November 26, 2002
States Are Facing Big Fiscal Crises, Governors Report
By ROBERT PEAR
WASHINGTON, Nov. 25 — Plunging tax collections and soaring medical costs have created the worst fiscal problems for states since World War II, the National Governors Association said today.
"Nearly every state is in fiscal crisis," the governors said in a new report surveying the states.
The states' fiscal woes will force governors, many of them newly elected, to propose politically sensitive tax increases or drastic cuts in services.
Raymond C. Scheppach, executive director of the governors association, said states were increasing tuition at public colleges and universities, cutting Medicaid eligibility and benefits, increasing taxes on individuals and corporations and laying off state employees.
"You will see huge cuts in Medicaid" next year, beyond the cutbacks already enacted, Mr. Scheppach said.
Medicaid and other health costs like employee health benefits account for 30 percent of state spending and grew last year by 13 percent, the largest increase in a decade, the report said. At a time when revenues are declining, Mr. Scheppach said, such growth is unaffordable and unsustainable.
Governors and state budget officers said the fiscal condition of the states was more dire than the condition of the national economy. The recession has reduced state revenues, especially personal income and capital gains taxes, Mr. Scheppach said, but the states' fiscal problems are also linked to long-term trends, like the increase in health costs and the growing importance of services in the economy.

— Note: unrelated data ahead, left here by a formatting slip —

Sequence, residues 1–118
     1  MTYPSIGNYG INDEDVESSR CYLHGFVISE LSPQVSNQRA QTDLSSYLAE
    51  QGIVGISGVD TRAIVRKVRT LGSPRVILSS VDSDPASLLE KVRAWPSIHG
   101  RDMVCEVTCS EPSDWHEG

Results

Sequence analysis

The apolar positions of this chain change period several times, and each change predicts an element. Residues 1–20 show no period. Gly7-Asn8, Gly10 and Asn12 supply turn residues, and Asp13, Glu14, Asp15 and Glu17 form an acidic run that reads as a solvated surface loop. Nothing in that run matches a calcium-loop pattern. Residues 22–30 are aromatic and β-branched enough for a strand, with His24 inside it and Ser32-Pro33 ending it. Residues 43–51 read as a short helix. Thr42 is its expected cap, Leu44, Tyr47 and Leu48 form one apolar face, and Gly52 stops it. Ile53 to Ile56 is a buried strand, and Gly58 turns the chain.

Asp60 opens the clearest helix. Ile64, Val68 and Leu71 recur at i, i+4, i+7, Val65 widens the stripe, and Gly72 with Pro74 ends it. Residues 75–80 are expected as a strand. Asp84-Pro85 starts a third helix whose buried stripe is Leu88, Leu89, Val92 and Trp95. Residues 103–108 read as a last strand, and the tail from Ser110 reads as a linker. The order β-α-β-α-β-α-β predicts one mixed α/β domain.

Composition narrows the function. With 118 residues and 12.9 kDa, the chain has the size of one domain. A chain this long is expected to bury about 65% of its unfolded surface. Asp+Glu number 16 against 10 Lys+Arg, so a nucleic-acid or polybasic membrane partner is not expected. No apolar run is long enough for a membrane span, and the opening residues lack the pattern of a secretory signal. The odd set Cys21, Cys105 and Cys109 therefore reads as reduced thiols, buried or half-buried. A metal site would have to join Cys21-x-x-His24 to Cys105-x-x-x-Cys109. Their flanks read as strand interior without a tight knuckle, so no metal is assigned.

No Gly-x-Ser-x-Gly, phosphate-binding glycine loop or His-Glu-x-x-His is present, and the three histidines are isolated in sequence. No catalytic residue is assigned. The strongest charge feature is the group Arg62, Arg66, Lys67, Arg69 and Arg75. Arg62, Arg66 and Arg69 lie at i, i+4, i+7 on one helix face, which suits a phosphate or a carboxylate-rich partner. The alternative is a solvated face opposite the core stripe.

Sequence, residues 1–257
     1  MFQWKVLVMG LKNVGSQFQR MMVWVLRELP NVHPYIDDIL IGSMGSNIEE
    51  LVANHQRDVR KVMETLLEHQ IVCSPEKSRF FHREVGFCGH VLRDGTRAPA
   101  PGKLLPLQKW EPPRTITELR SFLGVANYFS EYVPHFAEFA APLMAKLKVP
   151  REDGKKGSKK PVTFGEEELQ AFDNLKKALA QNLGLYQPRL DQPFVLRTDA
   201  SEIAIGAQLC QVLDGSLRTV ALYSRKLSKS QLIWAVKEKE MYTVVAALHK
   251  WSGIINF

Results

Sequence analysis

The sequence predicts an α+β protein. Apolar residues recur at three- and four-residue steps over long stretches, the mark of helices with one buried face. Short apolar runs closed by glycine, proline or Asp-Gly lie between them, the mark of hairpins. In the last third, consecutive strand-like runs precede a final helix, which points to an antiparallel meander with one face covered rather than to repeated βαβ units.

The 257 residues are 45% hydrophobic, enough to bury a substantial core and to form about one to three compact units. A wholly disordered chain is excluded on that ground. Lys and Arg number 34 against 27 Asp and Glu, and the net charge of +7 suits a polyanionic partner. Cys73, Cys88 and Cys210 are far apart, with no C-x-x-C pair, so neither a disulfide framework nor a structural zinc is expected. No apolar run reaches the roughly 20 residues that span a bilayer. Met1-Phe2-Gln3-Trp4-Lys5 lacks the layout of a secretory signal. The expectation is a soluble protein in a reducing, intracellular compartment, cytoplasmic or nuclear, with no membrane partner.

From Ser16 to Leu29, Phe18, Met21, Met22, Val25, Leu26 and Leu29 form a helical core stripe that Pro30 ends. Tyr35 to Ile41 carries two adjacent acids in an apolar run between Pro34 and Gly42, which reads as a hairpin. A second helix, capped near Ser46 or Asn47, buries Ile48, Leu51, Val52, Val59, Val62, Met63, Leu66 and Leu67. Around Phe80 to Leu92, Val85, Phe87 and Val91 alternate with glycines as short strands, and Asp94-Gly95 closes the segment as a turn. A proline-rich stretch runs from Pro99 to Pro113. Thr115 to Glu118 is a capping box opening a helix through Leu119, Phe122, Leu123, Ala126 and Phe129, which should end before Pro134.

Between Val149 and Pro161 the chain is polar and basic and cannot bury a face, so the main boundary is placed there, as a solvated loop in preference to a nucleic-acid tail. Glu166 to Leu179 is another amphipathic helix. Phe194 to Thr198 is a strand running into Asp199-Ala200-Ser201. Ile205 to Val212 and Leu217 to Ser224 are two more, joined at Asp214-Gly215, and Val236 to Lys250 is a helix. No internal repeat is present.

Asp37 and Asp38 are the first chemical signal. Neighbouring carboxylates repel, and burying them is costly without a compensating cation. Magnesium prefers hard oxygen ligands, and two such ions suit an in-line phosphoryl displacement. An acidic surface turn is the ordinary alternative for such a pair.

Relatively few of the newly elected governors have said precisely how they will deal with these fiscal problems. "Most of them don't understand how bad it is," Mr. Scheppach said.
In its "Fiscal Survey of States," the governors association found that the amount of money states had on hand at the end of the most recent fiscal year had fallen to $14.5 billion, from a peak of $48.8 billion in 2000. The current balance equaled 2.9 percent of state spending, the smallest cushion since 1992.
Total state tax collections fell by 6 percent last year and declined in every quarter, even as spending grew by 1.3 percent, Mr. Scheppach said.